## Earthquake Depths

The geographic pattern of earthquakes is well known and correlates quite strongly with plate-boundaries. The deepest earthquakes occurr within the subducting oceanic lithosphere and are limited to the outer 700 km of the planet. We can explore the first order patterns in earthquake depths using an earthquake catalog (a tabulated list of earthquakes). I used the GCMT Catalog for the following plates, so I included moderate and large earthquakes are earthquakes with Mw greater than about 4.5 and the catalog is complete for events larger than about Mw 5.5.

First, lets look at numbers of events. The number of shallow earthquakes is much larger than those at depth, but the pattern with depth shows a small increase for depths between 500 and 650 km.

The number of events is informative, but not directly reflective of the energy release in earthquakes. For a better approximation to the energy release, here's the cumulative seismic moment in 50-km bins.

Depending on how you look at it, the minimum between 200 and 550 km, or the maximum from 550 to 650 km is shifted down by one bin and more pronounced than in simple event-number counts. But again, the shallow activity dominates.

We can be more creative and communicate the depth distribution on a planetary scale if we plot the earthquakes on a cross section of Earth. First, I'll spread the events out using event longitude, which requires a little thought to see the geographic correlations. But the relatively sparse geographic distribution of deep earthquakes (in the deep slabs) is illuminated.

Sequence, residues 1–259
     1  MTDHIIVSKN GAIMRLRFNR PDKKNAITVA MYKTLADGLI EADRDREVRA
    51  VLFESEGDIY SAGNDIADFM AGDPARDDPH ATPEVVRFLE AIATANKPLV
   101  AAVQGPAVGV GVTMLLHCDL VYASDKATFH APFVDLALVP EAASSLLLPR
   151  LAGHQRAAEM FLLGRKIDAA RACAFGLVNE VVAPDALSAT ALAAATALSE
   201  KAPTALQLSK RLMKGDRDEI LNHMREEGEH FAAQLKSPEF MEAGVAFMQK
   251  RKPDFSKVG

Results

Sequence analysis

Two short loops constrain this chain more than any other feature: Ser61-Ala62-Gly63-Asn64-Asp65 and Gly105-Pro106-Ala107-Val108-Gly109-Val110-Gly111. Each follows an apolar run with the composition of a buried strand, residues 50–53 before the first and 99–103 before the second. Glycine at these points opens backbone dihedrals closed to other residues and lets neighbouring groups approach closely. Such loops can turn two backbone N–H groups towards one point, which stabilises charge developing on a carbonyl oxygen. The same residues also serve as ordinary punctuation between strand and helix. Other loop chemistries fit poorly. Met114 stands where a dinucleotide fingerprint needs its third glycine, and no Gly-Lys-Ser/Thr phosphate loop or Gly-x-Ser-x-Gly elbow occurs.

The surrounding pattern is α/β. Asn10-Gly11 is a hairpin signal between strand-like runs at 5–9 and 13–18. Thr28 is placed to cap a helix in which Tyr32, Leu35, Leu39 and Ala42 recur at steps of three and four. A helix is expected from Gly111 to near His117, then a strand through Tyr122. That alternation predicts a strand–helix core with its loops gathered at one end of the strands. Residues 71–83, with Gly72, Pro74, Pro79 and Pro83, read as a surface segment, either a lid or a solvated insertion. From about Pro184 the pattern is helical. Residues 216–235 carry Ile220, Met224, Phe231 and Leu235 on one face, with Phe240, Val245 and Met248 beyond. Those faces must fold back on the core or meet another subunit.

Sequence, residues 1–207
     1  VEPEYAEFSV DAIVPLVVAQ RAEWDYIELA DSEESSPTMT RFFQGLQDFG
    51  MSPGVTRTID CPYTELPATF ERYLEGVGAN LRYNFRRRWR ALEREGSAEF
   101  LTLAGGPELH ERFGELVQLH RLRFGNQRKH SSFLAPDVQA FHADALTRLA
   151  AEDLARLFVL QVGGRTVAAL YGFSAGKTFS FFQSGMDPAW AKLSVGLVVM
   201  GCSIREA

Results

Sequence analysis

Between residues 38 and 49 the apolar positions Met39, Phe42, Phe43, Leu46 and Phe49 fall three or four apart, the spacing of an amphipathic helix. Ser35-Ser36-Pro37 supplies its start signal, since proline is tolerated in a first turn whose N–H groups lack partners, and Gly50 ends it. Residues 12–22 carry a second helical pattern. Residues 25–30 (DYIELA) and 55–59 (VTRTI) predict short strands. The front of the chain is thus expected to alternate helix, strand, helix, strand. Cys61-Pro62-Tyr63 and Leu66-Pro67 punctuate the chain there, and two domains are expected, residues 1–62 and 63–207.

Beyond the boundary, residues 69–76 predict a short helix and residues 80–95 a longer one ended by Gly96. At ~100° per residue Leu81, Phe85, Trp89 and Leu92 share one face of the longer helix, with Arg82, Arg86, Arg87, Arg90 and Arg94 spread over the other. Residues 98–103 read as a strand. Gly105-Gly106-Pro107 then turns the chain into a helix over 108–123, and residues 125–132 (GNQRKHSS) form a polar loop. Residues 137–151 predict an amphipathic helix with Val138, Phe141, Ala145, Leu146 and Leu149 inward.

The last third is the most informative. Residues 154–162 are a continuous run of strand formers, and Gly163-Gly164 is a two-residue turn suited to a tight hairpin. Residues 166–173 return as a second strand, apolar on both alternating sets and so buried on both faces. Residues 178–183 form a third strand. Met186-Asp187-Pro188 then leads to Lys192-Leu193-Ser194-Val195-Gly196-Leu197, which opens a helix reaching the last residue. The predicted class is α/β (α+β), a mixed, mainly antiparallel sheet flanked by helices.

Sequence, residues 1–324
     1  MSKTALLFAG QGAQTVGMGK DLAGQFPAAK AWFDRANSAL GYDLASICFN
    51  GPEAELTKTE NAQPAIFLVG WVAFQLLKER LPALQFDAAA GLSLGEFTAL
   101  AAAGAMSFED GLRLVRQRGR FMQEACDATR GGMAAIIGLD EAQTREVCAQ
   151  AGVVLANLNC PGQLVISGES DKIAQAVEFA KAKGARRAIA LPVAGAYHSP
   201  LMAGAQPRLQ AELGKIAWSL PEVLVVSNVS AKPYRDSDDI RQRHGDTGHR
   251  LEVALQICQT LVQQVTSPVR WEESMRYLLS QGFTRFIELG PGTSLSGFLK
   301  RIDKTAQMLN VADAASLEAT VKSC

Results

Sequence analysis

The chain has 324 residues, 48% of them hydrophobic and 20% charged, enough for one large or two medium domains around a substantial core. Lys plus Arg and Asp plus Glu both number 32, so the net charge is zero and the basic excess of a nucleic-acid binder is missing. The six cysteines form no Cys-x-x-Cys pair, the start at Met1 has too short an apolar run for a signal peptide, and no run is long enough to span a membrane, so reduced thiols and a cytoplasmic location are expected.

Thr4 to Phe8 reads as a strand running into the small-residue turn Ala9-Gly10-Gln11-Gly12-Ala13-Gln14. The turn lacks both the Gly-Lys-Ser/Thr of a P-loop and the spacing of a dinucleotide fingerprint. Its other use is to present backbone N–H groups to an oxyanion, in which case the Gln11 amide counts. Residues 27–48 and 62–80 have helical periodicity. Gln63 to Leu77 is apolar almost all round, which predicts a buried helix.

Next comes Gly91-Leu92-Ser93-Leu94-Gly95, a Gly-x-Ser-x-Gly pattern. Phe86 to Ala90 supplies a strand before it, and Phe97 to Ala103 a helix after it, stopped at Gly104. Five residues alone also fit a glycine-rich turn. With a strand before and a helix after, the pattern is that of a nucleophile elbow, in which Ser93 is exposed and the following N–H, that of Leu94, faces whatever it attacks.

One more view, showing earthquake depth distribution as a function of time. Think of the cross-section as a clock with 1975 at the top and increasing to the end of 2015 in a clockwise direction. Note that the GCMT catalog does not include all the deep events for a year and that you can see a hint of improvement in catalog completeness with time (as more and more seismometers were deployed). In general, the pattern is relatively stationary. The large earthquakes show an interesting drought in large, deep events from 1977 to 1994, when deep events occurred beneath Fiji and Bolivia.